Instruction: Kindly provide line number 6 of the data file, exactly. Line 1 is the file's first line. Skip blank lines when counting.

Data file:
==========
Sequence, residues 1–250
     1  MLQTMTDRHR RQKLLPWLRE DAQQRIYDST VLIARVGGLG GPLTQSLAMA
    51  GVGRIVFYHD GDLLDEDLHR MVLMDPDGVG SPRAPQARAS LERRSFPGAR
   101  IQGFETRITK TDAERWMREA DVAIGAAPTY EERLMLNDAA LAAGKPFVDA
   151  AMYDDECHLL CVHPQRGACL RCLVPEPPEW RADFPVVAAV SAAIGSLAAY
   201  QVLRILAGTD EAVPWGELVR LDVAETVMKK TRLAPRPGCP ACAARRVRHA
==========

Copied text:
   201  QVLRILAGTD EAVPWGELVR LDVAETVMKK TRLAPRPGCP ACAARRVRHA